Exploring The Rich History of Cocoa and Cocoa Powder in Ghana

March 17, 2023

Exploring The Rich History of Cocoa and Cocoa Powder in Ghana

March 17, 2023

Cocoa in Ghana dates back to the late 19th century when it was introduced by Tetteh Quarshie. He is said to have acquired cocoa beans from Fernando Po Island (now Bioko Island) in Equatorial Guinea, where he had travelled to work as a blacksmith. Upon his return to Ghana, Tetteh Quarshie established a cocoa plantation in Mampong-Akuapem, which became the foundation for the cocoa industry in Ghana.. The fertile lands and suitable climate of Ghana’s coastal regions were well-suited for cocoa cultivation, and the industry quickly became a major contributor to the country’s economy. In the early 20th century, Ghana became the world’s largest cocoa producer, and today it remains one of the top cocoa-producing countries in the world. The cultivation of cocoa  has played a significant role in shaping Ghana’s economic, social, and political landscape, and continues to be a vital industry for the country’s development.


Growing Cocoa in Ghana

Growing cocoa in Ghana is a challenge. The climate of Ghana is generally warm and humid, with temperatures ranging from 18 to 35 degrees Celsius (64 to 95 degrees Fahrenheit). Rainfall occurs throughout the year but is heaviest between May and October.

The cocoa farming process involves growing the trees, harvesting them when they’re ready and drying out their beans before they’re ground into powder form. Cocoa trees are planted at intervals of about 3 meters (10 feet) apart in rows that run east-west so that shade from one tree can protect another from direct sunlight during hot weather. Farmers usually begin planting new trees after every harvest cycle ends because it takes five years before you’ll see any fruit on your plants–and even then only if you’ve done everything right!


Harvesting and Processing Cocoa in Ghana

The harvesting process begins with the cocoa tree, which is grown in tropical climates. The cocoa pods are harvested by hand and then brought to a processing facility where they are cracked open and the beans inside removed. These beans undergo fermentation to remove their outer shell, which is called a winnowing process. They are then dried out for several days before being sold as chocolate bars or Cocoa Powder!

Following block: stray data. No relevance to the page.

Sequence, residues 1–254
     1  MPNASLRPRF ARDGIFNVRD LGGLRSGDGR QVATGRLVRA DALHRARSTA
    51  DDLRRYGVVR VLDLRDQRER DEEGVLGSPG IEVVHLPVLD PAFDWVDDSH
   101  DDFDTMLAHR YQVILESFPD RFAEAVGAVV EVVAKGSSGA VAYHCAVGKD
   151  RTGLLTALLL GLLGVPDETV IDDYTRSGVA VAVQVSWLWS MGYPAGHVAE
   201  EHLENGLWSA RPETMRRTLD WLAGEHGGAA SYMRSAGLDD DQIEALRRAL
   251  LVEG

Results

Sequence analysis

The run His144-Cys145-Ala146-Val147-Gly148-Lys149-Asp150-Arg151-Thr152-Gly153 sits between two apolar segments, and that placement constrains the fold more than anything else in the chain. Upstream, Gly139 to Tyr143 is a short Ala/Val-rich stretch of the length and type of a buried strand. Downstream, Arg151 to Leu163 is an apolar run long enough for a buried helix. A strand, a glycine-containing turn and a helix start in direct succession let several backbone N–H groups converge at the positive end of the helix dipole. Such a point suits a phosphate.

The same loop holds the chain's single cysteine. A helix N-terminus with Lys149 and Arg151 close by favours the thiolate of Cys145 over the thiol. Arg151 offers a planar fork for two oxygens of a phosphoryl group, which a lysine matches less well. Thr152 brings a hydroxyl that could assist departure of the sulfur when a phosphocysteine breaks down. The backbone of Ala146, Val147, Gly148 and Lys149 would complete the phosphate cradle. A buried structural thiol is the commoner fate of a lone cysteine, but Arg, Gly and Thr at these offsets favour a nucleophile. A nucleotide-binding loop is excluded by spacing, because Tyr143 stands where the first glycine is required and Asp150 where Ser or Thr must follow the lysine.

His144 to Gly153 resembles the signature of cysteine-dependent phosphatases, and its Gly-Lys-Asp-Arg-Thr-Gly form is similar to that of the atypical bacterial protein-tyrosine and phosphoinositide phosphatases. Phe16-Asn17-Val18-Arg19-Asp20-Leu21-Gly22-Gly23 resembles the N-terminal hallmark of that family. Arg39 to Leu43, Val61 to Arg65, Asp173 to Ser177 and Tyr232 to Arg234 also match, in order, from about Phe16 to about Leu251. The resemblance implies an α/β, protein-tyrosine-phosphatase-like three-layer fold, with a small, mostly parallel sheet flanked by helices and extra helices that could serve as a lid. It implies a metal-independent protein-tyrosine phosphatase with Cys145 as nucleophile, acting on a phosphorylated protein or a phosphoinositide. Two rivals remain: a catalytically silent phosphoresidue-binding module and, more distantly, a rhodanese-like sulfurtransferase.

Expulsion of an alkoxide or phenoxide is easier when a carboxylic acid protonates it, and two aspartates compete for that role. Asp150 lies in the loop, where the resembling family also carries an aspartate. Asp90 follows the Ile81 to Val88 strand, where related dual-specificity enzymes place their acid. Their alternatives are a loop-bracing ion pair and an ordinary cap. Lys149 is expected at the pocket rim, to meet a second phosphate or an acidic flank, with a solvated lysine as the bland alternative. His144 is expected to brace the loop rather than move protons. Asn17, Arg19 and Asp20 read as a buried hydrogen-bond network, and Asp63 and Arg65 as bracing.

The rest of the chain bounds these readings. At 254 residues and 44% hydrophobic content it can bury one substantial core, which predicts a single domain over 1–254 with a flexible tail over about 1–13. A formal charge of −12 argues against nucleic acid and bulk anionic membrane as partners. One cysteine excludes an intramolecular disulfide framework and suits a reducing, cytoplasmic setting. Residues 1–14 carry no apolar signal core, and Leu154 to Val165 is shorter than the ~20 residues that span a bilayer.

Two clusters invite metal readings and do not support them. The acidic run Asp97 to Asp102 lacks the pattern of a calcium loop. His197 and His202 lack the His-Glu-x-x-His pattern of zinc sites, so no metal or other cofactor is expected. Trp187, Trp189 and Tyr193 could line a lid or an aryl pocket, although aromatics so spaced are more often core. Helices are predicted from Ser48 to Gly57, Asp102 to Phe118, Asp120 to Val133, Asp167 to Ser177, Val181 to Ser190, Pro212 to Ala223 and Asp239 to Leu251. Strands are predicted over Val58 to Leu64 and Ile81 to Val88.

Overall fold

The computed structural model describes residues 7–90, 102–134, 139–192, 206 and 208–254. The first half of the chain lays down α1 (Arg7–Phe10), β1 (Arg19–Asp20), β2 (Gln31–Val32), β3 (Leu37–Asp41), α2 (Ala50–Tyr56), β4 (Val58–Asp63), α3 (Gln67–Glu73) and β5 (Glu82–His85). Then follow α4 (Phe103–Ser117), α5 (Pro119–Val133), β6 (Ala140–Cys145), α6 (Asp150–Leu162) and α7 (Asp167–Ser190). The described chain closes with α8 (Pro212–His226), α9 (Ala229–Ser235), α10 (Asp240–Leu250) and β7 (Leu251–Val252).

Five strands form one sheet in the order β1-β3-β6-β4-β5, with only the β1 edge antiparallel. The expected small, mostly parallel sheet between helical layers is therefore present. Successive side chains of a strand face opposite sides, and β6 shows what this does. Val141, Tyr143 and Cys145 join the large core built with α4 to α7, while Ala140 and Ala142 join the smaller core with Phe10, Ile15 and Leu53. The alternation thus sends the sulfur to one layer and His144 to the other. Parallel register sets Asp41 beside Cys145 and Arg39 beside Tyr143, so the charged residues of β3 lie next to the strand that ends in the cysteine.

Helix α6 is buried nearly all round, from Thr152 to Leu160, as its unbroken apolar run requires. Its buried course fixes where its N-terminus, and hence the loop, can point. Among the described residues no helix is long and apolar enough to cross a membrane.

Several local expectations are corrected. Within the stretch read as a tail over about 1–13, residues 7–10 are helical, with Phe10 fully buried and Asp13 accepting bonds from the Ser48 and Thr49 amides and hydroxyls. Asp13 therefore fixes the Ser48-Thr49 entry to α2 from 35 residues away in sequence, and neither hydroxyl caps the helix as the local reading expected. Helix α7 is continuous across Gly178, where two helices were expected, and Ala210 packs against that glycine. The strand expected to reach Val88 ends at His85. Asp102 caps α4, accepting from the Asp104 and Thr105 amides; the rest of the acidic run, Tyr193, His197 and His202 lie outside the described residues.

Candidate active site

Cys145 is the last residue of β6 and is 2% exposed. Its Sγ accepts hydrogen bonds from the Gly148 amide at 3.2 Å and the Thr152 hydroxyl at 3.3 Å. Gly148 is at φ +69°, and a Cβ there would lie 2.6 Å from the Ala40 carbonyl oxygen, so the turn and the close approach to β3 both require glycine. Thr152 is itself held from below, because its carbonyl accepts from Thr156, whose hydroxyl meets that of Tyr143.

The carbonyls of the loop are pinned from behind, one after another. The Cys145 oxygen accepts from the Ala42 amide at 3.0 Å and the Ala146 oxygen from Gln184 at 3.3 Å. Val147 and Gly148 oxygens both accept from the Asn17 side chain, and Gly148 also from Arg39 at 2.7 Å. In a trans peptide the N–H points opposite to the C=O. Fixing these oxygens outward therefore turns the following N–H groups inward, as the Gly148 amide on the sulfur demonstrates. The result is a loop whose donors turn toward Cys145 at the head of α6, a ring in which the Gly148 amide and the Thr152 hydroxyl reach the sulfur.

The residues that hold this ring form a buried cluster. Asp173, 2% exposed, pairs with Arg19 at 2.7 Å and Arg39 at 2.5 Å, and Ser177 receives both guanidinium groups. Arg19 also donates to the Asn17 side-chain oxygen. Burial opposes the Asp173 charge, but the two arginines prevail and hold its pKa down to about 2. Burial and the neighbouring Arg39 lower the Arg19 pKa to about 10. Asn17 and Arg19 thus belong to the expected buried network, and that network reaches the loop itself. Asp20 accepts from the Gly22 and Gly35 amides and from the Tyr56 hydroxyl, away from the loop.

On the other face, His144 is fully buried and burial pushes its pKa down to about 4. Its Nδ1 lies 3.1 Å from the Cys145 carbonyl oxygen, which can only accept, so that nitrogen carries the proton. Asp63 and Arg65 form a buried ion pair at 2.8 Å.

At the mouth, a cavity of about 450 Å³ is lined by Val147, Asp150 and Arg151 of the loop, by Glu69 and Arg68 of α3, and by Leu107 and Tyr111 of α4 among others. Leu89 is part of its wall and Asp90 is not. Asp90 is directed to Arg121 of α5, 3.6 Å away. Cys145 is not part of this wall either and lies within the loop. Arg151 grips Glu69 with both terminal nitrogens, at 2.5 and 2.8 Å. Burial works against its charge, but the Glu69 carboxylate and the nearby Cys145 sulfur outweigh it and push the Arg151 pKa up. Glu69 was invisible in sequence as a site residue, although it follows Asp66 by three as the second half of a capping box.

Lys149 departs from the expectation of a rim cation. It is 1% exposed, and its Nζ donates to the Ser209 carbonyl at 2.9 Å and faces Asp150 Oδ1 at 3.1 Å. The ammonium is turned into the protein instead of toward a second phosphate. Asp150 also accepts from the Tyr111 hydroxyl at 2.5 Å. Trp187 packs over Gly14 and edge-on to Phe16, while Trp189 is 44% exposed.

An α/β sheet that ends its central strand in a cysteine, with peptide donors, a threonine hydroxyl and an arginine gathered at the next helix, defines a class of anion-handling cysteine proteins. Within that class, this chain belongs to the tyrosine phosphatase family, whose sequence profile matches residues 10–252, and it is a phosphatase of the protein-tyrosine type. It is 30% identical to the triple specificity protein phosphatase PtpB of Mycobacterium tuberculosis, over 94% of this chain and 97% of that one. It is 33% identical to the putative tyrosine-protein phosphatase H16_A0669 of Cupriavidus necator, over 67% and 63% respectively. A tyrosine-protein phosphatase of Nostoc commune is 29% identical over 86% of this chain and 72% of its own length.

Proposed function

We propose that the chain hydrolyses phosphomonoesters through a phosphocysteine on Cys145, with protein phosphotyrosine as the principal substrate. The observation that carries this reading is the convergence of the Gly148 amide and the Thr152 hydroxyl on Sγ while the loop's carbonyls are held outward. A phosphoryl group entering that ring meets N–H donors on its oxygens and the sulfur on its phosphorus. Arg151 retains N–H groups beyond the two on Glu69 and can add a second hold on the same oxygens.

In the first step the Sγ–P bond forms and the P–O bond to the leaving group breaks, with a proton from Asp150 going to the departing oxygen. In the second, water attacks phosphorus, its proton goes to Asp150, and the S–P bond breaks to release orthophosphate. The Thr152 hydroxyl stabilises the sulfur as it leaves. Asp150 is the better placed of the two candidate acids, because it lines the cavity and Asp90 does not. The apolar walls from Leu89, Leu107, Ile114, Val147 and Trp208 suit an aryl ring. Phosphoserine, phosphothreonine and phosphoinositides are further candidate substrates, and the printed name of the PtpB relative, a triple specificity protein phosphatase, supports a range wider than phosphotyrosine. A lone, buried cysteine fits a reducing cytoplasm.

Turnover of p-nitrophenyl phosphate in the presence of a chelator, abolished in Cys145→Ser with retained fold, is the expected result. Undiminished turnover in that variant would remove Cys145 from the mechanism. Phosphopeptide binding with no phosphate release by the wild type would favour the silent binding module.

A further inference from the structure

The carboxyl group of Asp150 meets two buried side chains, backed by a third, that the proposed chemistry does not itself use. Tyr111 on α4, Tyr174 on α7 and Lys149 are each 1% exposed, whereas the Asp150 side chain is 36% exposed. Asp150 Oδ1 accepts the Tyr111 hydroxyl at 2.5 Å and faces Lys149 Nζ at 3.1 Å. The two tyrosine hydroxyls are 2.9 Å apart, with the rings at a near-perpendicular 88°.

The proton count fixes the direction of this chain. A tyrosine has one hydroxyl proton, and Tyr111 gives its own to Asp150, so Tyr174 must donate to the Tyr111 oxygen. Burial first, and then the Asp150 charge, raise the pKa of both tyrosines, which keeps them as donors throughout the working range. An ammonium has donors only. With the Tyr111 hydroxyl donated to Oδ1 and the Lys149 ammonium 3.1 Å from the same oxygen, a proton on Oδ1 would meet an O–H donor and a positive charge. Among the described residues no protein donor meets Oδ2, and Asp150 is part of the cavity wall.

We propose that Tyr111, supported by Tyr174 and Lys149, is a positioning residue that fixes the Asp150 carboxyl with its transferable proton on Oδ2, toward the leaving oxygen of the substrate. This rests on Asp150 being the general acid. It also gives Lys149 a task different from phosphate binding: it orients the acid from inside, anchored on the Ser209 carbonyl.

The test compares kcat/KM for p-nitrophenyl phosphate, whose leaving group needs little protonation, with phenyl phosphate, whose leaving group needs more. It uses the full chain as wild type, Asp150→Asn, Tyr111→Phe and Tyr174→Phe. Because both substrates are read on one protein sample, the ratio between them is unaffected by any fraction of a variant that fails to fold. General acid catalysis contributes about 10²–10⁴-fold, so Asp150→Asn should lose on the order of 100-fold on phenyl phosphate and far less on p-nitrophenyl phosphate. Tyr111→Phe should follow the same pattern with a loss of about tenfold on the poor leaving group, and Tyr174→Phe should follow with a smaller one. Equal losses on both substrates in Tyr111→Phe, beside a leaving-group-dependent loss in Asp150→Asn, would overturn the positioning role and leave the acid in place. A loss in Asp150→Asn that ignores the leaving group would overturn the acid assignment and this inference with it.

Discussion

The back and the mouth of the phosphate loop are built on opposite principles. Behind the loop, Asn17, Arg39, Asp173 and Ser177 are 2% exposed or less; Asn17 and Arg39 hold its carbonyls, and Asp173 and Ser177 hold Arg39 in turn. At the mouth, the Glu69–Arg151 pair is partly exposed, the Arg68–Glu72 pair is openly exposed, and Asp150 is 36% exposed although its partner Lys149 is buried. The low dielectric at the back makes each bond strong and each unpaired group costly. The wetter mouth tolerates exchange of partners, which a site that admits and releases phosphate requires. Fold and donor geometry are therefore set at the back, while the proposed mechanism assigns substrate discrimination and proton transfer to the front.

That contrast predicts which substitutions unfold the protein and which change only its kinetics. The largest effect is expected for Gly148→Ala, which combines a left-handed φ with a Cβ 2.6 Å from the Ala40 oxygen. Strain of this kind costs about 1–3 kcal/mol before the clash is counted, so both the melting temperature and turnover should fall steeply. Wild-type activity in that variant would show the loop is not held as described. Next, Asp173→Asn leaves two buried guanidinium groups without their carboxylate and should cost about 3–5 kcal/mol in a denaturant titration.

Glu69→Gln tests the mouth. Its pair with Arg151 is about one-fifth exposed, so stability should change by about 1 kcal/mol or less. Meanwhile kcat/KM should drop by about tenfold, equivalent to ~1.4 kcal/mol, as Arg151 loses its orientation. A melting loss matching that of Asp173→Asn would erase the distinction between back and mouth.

Below are some common uses of cocoa:

  1. Baking: Cocoa is a staple ingredient in many baked goods such as cakes, brownies, and cookies.
  2. Beverages: Cocoa powder can be used to make hot chocolate, chocolate milk, and chocolate smoothies.
  3. Cosmetics: Cocoa butter, a by product of cocoa, is used in cosmetics and skincare products due to its moisturising properties.
  4. Medicinal purposes: Cocoa is believed to have several health benefits due to its high antioxidant content. It has been associated with reducing inflammation, improving heart health, and aiding in digestion.

Natural vs Alkalized Cocoa Powder

There are two main types of cocoa powder available on the market: natural cocoa powder and alkalized (also known as Dutch-processed) cocoa powder.

Natural cocoa powder is made by grinding cocoa beans into a fine powder. It is slightly acidic, with a pH range of 5 to 6, and has a strong chocolate flavour. Natural cocoa powder is typically used in recipes that require baking soda, as the acidity of the cocoa powder reacts with the baking soda to help leaven the baked goods.

Alkalized cocoa powder is made by treating natural cocoa powder with an alkali solution, such as potassium carbonate. The process reduces the acidity of the cocoa powder, resulting in a pH range of 7 to 8, and a milder chocolate flavour. Alkalized cocoa powder is often used in recipes that require baking powder, as the neutral pH of the cocoa powder does not react with the baking powder.

While both natural and alkalized cocoa powders can be used in a wide range of applications, there are some differences between the two. Natural cocoa powder is generally considered to have a stronger chocolate flavour and is preferred in recipes that require a more intense chocolate taste. Alkalized cocoa powder, on the other hand, has a milder chocolate flavour and is preferred in recipes that require a more subtle chocolate taste or a darker colour.

Sustainability and Fair Trade

Ghana produces about 1 million tons of cocoa per year, making it one of the top five producers in the world. It’s also home to many small family farms that rely on cocoa as their primary source of income. To ensure sustainability and fair trade practices, we only work with farmers who adhere to strict standards set by certifiers like Fair trade International and UTZ Certified. These organisations ensure that all farmers receive fair wages for their work as well as safe working conditions, access to healthcare and education for children (including girls), protection from child labour exploitation etc.


The cocoa industry is an essential part of Ghana’s economy, with the country being the world’s second-largest producer of cocoa. The government has implemented policies to support the industry, including price stabilisation schemes and investment in infrastructure.

Cocoa powder is a significant product in the industry and is known for its high-quality and rich flavour profile, making it a popular choice among manufacturers. However, the industry faces some challenges, including ageing trees, pests and diseases, and climate change. The government and industry stakeholders are working to address these issues through various initiatives, such as the development of disease-resistant varieties of cocoa and the use of new technologies. Despite these challenges, the cocoa industry in Ghana continues to provide employment opportunities, contributes to poverty reduction and infrastructure development